• Victoria: I wonder if the audience buying decants is particularly large. After all, it must be limited to the perfumistas. I am guessing that an average fragrance consumer even know what a decant is or where they could get it.
    As for the hidden treasures, I'm with you. There are still lots of them at reasonable prices–Chopard fragrances come to mind.
    Sent via BlackBerry from T-Mobile October 10, 2011 at 10:42pm Reply

  • Victoria: I completely agree. Pricey though Bois de Violette or Portrait of a Lady are, at least they move me and convey a vision, a fantasy of some other world. It is worth the price. On the other hand, I would not pay the price of YSL Belle d'Opium even if it were reduced by 50 percent.
    Sent via BlackBerry from T-Mobile October 10, 2011 at 10:46pm Reply

  • Victoria: The 40-50 percent increase is something that shocks me too, considering the general economic situation today.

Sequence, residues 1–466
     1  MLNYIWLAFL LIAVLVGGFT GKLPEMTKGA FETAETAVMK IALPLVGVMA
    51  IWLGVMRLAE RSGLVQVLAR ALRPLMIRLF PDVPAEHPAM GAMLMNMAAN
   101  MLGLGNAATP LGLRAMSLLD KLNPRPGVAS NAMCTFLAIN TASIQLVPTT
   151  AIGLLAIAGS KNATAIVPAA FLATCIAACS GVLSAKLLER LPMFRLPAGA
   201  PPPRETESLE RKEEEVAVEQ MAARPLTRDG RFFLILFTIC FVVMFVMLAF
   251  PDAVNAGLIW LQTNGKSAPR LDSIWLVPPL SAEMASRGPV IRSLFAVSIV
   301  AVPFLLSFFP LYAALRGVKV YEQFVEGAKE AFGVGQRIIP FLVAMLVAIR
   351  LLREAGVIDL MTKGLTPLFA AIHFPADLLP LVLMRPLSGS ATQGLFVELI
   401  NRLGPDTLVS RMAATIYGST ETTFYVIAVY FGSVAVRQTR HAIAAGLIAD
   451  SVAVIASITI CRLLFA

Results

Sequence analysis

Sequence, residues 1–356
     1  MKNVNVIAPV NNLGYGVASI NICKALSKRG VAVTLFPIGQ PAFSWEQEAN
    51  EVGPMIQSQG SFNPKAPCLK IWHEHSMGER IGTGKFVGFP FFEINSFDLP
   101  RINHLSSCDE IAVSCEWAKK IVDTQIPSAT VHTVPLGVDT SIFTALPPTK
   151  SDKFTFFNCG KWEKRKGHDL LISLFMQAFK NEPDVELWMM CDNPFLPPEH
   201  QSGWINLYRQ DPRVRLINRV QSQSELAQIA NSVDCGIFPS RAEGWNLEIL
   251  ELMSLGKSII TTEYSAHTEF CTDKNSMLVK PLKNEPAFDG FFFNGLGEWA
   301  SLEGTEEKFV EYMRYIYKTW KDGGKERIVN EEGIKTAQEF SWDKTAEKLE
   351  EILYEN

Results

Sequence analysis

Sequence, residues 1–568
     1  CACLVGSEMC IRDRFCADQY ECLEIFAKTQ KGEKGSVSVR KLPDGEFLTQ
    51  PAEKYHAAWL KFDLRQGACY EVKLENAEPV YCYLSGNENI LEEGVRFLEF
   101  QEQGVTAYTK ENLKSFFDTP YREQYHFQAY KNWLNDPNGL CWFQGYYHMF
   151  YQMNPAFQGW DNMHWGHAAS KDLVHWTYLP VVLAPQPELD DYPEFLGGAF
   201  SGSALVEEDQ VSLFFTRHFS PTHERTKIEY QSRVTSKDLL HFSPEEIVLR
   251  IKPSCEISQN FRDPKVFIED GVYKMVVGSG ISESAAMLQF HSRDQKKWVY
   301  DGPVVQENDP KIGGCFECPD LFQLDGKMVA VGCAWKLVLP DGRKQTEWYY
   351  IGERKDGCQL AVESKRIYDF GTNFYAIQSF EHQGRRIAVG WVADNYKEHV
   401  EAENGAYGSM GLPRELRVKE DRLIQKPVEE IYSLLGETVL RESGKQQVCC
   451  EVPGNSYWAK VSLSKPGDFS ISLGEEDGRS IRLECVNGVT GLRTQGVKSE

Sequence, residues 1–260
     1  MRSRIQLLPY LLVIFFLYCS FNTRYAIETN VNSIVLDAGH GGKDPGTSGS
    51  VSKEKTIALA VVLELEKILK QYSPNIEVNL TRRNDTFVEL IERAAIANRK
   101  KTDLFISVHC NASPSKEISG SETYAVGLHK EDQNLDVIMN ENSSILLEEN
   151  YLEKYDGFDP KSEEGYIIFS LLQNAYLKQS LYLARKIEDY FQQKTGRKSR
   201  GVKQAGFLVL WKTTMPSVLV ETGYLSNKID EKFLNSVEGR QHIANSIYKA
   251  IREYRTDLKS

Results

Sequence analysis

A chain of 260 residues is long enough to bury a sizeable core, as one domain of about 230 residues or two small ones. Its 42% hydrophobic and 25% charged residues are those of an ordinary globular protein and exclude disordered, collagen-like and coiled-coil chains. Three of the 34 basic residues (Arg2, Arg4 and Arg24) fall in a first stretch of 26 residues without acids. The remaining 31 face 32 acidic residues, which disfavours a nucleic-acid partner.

Sent via BlackBerry from T-Mobile October 10, 2011 at 10:49pm Reply

  • Emma: You can have Honore des Pres Vamp a NY which is not only one of the most beautiful tuberose on the market at the price of a generic high end fragrance like Guerlain Idylle – $98 – but it is also an all natural and organic non-toxic non-petrochemical perfume! October 10, 2011 at 11:17pm Reply

  • Paeonia9: I’d add that although BdV and PoaL are expensive, both have excellent sillage and last well over 10 hours on me, and that’s with just 2 spritzes! Also, these are fragrances I can see myself enjoying for many years. They transcend the trends of the moment.